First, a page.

# administrivia

Kartik Agaram

05/14/2021, 2:24 AM
Periodic "let's move off Slack" thread. I wonder if it's worth redoing the Zulip survey from


05/14/2021, 10:40 AM
It’s Never Graduate Week at the Recurse Center — the annual alumni conference and so I’ve been hanging out at Virtual RC, in many Zoom calls, and back on Zulip. I can’t help it but I find Slack’s user experience overall — while it has quirks that I’m also happy to criticize — a million times better than Zulip’s. I’ve noticed that Zulip is actively sabotaging my engagement in the RC community, while Slack is encouraging me to engage in this community. But ultimately I find Slack vs. Zulip the wrong framing. I’ve come to the conclusion that the way we’ve been using Slack here, and the kinds of discussions we have here, something like would be better suited for us.
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Ivan Reese

05/14/2021, 4:24 PM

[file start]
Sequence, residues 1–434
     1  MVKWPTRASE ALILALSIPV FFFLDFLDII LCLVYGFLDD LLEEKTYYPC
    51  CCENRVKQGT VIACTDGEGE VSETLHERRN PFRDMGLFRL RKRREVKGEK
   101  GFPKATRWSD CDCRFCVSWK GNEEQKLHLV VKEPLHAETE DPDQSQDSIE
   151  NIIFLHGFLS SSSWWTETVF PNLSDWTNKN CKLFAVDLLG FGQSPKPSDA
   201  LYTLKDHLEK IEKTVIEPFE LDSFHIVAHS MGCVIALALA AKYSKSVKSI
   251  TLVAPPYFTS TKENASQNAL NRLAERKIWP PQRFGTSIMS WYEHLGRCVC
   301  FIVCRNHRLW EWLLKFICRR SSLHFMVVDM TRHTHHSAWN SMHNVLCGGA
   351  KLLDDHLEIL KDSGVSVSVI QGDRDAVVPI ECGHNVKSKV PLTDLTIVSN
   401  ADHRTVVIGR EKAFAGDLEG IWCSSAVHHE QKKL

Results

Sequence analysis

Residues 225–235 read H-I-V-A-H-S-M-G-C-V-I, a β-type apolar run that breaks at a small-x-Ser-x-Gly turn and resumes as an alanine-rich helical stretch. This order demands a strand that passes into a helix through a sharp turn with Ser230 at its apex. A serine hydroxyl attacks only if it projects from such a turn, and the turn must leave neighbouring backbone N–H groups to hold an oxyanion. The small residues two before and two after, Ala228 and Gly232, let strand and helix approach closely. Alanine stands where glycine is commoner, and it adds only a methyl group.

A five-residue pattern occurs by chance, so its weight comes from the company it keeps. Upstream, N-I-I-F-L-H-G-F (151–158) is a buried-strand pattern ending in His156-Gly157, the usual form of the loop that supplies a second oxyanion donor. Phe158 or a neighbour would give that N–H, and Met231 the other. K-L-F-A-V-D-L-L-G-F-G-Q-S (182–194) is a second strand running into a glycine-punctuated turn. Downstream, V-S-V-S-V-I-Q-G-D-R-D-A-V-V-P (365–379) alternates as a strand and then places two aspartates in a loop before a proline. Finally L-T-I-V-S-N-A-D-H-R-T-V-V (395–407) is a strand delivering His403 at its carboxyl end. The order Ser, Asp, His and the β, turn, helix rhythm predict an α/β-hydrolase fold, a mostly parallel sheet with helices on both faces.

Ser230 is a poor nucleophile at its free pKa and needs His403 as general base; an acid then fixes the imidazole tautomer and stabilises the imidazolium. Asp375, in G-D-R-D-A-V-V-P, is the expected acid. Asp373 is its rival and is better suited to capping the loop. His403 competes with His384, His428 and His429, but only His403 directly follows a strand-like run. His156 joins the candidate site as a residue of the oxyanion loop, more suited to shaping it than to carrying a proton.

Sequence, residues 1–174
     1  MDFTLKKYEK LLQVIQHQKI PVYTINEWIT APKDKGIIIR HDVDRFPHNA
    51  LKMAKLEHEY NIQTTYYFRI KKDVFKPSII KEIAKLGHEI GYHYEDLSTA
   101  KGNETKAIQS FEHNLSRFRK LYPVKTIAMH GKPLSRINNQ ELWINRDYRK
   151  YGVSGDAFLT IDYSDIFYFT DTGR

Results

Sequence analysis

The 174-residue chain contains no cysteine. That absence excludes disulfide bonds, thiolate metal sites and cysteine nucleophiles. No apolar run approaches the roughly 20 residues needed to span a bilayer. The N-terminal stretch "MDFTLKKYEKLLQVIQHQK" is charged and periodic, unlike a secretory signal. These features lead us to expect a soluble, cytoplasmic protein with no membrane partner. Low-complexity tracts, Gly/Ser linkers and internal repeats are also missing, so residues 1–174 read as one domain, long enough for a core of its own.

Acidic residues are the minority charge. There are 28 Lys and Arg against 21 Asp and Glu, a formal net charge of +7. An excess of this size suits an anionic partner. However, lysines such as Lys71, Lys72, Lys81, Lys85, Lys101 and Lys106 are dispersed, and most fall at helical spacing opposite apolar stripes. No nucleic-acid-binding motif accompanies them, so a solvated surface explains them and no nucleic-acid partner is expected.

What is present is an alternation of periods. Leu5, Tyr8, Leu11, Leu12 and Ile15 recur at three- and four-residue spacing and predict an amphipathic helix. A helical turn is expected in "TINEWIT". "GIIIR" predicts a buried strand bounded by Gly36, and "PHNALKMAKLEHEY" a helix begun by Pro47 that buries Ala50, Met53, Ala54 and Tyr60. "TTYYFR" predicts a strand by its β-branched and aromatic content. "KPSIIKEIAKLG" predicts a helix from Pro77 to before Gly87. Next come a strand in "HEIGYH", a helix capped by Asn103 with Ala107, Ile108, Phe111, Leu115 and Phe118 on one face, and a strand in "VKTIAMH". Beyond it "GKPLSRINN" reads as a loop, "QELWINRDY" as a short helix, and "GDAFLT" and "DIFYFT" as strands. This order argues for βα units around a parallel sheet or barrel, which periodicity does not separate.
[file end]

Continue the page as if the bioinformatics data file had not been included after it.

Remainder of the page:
Yeah, I'm warming up to this idea again. My wishlist: • Data goes into a database we own, or at least there's some well-supported API that lets us query a lot • Web interface that is static HTML with progressive enhancement (not a SPA) • Nice clients for mobile & desktop • Free, or free for groups like us, even if that means it doesn't include hosting — or, perhaps, pricing that isn't per-user, so we can find someone to sponsor it. • Support for all the basics — rich text, embedded images with painless upload, emoji reactions, threads • Moderation tools • Readable / searchable on the web, without an account, visible to search engines Rationale: We shouldn't move just because Slack has some minor annoyances that don't exist in whatever we move to. We should move because the new platform gives us ways to double down on the things that make our community unique, without giving up on too many of the nice things we have today. Things that make our community unique: • we're programmers interested in experimentation • looking for something "better", even if that means dealing with a few hurdles • Lots of ideas for how to improve things — future is here, just not evenly distributed So a new platform should let us have the modern conveniences of something like Slack (low friction to join & post, not-ugly UI, decent support for various platforms) but it should also let us modify / augment / interconnect with the platform. Mariano has been doing an amazing service for the community, fighting against the walled-garden of Slack, trying to build tools like a searchable history. I love this, but I think his efforts have been really constrained by the fact that Slack doesn't want folks to do this sort of thing.